Anna McNay

Tracey Emin’s bronzes

Tracey Emin shot to fame when My Bed (1998) was displayed at London’s Tate Gallery in 1999 as one of the shortlisted works for the notorious British art award, the Turner Prize. The sheets stained with bodily secretions, the used condoms, and the menstrual-stained underwear all sent the critics into uproar, and a media furore ensued, with Emin at the centre. While some describe this work as a “ready-made”, the artist has always maintained it was one of her first sculptures, and, whenever it is reassembled for a new showing, it is done so with meticulous care. In fact, Emin’s early career years saw her create a number of large-scale sculptures, typically conceived with specific exhibitions and venues in mind—for example, The Perfect Place to Grow (2001), comprising plants and a birdhouse, itself reminiscent of both a garden shed and a beach hut, bringing to mind Emin’s tumultuous childhood and teenage years in Margate, a seaside town on the south-east coast of England. The rickety wooden rollercoaster, It’s Not the Way I Want to Die (2005), similarly recollects the rides at the resort’s dilapidated theme park, Dreamland.

While the materials used for these early sculptures are generally “poor” ones—fragments of wood, found objects, sheets, old clothes cut up and stitched back together—Emin has more recently “graduated” to the “adult artist” material of bronze, and, it seems, there is no stopping her. Although, at first, this new medium was used for private and intimate exploration and experimentation, it has recently taken flight into some monumental public artworks, two of which are being unveiled this spring: the seven-meter-tall, 15-tonne, kneeling, female figure, The Mother, sited on the edge of the Museum Island in Oslo, Norway, and the more vulnerable, reclining, sexualized female figure, I Lay Here For You, placed deep in the woodland at Jupiter Artland, near Edinburgh, Scotland—a permanent commission to be unveiled as part of Emin’s postponed solo exhibition when the venue opens for its annual summer season.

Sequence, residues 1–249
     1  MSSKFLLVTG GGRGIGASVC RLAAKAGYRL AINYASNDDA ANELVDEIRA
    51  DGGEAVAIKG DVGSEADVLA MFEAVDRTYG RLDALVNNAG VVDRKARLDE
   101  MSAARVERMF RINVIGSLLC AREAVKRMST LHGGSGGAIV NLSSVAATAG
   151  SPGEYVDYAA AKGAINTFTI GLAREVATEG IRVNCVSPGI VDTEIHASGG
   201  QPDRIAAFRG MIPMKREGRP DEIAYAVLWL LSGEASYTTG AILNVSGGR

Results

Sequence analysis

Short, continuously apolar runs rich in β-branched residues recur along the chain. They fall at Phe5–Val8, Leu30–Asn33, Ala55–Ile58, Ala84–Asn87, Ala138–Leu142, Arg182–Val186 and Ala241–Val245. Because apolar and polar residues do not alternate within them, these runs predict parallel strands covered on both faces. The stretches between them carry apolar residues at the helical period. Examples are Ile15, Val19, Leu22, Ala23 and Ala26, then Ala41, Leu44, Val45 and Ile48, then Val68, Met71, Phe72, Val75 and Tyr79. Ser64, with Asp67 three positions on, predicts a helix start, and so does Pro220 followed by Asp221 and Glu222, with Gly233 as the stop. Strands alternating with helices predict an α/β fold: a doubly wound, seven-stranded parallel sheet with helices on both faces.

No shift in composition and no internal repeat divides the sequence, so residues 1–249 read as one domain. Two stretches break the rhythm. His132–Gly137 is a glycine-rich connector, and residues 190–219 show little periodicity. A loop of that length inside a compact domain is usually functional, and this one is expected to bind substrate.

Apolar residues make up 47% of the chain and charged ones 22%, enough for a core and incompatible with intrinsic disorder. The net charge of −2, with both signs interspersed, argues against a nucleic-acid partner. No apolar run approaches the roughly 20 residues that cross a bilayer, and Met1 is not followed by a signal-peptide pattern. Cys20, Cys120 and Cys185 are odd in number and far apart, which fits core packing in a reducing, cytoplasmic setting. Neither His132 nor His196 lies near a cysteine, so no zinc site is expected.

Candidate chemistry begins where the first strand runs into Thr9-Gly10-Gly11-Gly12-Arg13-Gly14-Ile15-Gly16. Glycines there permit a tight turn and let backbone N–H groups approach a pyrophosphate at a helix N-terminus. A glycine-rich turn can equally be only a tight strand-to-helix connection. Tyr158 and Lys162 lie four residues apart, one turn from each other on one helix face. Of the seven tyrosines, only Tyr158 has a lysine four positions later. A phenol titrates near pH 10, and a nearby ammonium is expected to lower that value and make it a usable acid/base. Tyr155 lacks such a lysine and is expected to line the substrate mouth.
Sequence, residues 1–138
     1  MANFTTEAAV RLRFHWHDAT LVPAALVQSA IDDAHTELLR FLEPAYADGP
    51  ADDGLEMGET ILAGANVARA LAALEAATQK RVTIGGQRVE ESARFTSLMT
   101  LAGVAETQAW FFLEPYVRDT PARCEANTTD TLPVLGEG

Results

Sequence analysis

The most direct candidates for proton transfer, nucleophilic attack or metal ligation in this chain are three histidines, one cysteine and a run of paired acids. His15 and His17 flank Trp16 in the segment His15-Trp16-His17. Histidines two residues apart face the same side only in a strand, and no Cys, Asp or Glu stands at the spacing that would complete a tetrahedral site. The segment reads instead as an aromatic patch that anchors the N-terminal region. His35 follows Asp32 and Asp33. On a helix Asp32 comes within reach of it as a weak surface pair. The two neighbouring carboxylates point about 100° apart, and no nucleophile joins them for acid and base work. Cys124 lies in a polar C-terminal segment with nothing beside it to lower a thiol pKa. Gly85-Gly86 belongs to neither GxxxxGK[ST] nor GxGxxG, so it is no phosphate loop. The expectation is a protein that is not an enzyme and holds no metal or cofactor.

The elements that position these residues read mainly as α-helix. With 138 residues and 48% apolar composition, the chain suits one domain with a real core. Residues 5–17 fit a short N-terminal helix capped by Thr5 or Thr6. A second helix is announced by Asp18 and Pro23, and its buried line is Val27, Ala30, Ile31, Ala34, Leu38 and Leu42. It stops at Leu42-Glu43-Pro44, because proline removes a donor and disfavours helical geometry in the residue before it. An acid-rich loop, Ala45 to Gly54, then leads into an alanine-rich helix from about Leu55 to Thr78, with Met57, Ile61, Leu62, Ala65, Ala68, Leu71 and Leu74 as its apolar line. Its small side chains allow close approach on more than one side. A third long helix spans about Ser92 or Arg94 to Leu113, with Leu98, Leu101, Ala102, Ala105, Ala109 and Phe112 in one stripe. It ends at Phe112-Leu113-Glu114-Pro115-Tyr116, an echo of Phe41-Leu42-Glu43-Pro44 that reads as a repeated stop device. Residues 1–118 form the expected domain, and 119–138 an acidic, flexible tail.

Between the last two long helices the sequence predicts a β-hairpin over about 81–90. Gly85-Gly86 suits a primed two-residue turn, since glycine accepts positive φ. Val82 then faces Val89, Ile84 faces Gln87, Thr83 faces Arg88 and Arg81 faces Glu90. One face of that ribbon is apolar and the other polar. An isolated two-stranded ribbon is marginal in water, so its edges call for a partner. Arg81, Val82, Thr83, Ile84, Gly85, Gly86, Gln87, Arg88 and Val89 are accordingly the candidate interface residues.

Both of these works premiered in Emin’s 2019 exhibition, “A Fortnight of Tears”, at White Cube Bermondsey, in London, and both have been scaled-up from hand-sized clay figurines, still bearing the imprint of her touch, in what have now become troughs and peaks, like those of autumnal furrowed land. Her first foray into working with bronze as a medium was at a foundry in New York some years ago. “My friend showed me some reliefs by another artist,” she says. “I forgot which artist it was, but it was really amazing to look at and then I decided and tried to make some reliefs. And it’s actually really difficult to do. And also I was kind of scared to make them in relief and it’s why they are more like drawings in a strange way, they are drawings in bronze”[1]. Emin spent three years working with the Modern Art Foundry in New York, learning the traditional lost-wax method of bronze casting.

Starting out small, Emin’s first public art project, Roman Standard (2005), was a tribute to Liverpool’s famed Liver Bird, commissioned by the BBC ahead of the city’s year as European Capital of Culture in 2008. Emin describes the sculpture—a tiny bird perched high on a pole—as a point of contemplation. “Most public sculptures are a symbol of power which I find oppressive and dark,” she says. “I wanted something that had a magic and an alchemy, something which would appear and disappear and not dominate”[2]. A couple of years later, a patinated bronze baby’s sock appeared on the steps to the British Pavilion at the 52nd Venice Biennale. This was a precursor of her Baby Things project (2008), for which a series of “lost baby items” were scattered around the town of Folkestone—a little along the coast from Margate—of which Emin explains: “They are meant to be overlooked, ignored by some, discovered by others. A wry inversion of Duchamp’s objet trouvé, they appear as things peeled from a private life, lost in a public space”[3].

Despite this success, in 2013 Emin still maintained: “I’ve been making bronze sculptures for a long time. My sculptures are wholly unsuccessful and uncommercial. No one is even the remotest bit interested in them. So it’s almost like my hobby”[4]. Nevertheless, she became enthused about making in the medium because: “I’m good at it”[5]. Of her small bronze figures, set in dialogue with animal figurines on bronze plinths, she said: “I’ve never seen anything like these bronzes before—and when I make something, and I’ve never seen anything like it before, I usually know that I’m on to something”[6].

At the same time, Emin also claimed that, much as she would like to make big figures, “I just can’t do it, my hands don’t do it”[7]. By 2016, however, she was able to make digitally-printed enlargements of her small clay figures, and since then, she has been experimenting radically with scale. “One reason,” she says, “is being close to Louise Bourgeois and seeing how she could go from small to giant. You can’t just make anything big—it was about finding the right form”[8].